Sea of Sorrows #1
IDW Publishing 2020
Written by Rich Douek
Illustrated by Alex Cormack
Colour Assists by Mark Mullaney
Lettered by Justin Birch
In the aftermath of the Great War, the North Atlantic is ripe for plunder by independent salvage crews. When a former naval officer hires the SS Vagabond, he leads the ship to a sunken U-boat, and a fortune in gold. Tensions mount as the crew prepares to double cross each other, but the darkness of the ocean floor holds deeper terrors than any of them have bargained for!
I love the work these guys do, they’re not bad blokes either, so when we see them working on a new book together you know it’s going to be damn good. This doesn’t disappoint on any level as an introduction to the story and it really does get you into the story in a powerful way. This is how you set-up and move things along in one first issue and it shows how well that Rich can create and structure a four issue limited series.
I love the way that this is being told! The story & plot development that we see through how the sequence of events unfold as well as how the reader learns information is presented extremely well. I like the technique we see in the storytelling itself as the story as well because it helps not only set the dynamic between the characters and it helps to further the story arc at the same time. The character development we see is spectacular and it is equally handled between actions and words. How the characters act and react to the situations and circumstances that they encounter really do help to define them. The pacing is superb and as it takes us through the pages revealing the story and this world we get to see the twists and turns along the way that will leave you begging for more.
How this is being structured so that it showcases how effective the layering can be. As the story continues and the layers within become more prominent well it really makes for some utterly fascinating reading. I love the fact that with each new project Rich becomes a stronger and stronger writer is exciting in and of itself in ways that excite me. So to think that this is as damn good as it is and he’s still learning and growing is kind of scary, in a good way.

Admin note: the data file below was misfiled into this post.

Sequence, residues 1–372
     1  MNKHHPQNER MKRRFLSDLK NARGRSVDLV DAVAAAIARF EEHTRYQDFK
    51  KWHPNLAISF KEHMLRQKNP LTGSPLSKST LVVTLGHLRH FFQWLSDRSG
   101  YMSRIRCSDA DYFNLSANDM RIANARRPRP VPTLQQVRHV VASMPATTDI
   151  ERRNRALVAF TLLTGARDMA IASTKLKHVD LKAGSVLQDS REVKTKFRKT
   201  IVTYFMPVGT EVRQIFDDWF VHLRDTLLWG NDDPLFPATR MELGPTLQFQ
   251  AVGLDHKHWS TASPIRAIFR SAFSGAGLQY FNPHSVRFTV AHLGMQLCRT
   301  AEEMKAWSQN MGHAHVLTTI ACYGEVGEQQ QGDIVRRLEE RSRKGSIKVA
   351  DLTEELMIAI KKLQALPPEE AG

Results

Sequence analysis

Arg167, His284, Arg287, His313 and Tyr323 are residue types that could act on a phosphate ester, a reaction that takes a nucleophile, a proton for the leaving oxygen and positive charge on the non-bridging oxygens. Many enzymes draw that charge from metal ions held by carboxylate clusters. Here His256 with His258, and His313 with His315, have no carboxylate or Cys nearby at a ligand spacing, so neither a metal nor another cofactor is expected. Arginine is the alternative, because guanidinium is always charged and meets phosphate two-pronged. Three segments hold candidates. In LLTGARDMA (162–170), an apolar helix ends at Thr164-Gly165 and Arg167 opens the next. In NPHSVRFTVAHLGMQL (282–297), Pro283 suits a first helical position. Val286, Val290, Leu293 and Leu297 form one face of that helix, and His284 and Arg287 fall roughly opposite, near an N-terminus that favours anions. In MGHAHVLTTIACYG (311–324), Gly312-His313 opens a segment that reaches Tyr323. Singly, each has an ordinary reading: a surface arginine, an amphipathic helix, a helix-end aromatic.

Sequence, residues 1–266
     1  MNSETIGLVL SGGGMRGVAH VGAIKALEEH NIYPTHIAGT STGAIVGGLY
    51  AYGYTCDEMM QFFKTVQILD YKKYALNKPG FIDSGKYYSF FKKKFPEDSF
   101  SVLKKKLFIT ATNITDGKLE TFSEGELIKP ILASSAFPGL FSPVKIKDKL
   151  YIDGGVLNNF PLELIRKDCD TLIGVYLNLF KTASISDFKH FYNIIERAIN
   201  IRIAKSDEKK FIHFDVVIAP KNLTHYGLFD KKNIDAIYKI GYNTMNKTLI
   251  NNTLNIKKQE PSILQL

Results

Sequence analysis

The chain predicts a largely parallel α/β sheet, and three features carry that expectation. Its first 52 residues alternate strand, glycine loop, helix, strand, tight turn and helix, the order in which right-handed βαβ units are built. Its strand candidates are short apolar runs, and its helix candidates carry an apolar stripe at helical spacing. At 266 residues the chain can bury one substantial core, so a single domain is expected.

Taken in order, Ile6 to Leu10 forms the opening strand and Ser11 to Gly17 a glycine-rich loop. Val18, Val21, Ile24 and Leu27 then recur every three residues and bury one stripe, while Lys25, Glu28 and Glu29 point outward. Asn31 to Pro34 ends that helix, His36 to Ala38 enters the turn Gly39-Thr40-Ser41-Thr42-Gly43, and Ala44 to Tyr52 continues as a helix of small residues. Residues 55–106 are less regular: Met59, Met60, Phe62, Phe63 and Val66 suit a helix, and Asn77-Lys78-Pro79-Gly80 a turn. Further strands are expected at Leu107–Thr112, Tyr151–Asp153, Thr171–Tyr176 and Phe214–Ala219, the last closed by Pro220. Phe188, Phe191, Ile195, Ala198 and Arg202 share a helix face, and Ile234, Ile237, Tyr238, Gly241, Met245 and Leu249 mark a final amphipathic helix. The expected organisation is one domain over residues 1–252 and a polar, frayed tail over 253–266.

Oh the interiors are incredible! Speaking of growing Alex has always been a strong artist but now he’s been able to hone his talent in ways that we’ve not seen before. I love the way we see the linework and how the varying eights and techniques are being utilised to create the detail work we’re seeing here. Seeing that shark underwater was a highlight for me though they were thought to be extinct until quite recently so it’s just an added bonus to where the character is and what he’s doing. How we see the backgrounds being utilised throughout is brilliantly done and we get some great depth perception, scale and that overall sense of size and scope to the story. The utilisation of the page layouts and how we see the angles and perspective in the panels show such marvellously talented eye for storytelling. The colour work is gorgeous! How we see the hues and tones within the colours being utilised to create the shading, highlights and shadow work is superb. The choices of colour and how a light source is so important to how we see what we do is just incredibly well rendered.
Some of today’s best storytelling comes from these great publishing houses. It makes me wonder why anyone would think this is less than working for the “Big 2” because I would much rather read something like this where we can see the passion for the project that seeps off the pages. This is a beautiful start and it’s smartly written, engages the reader and really lights up the imagination.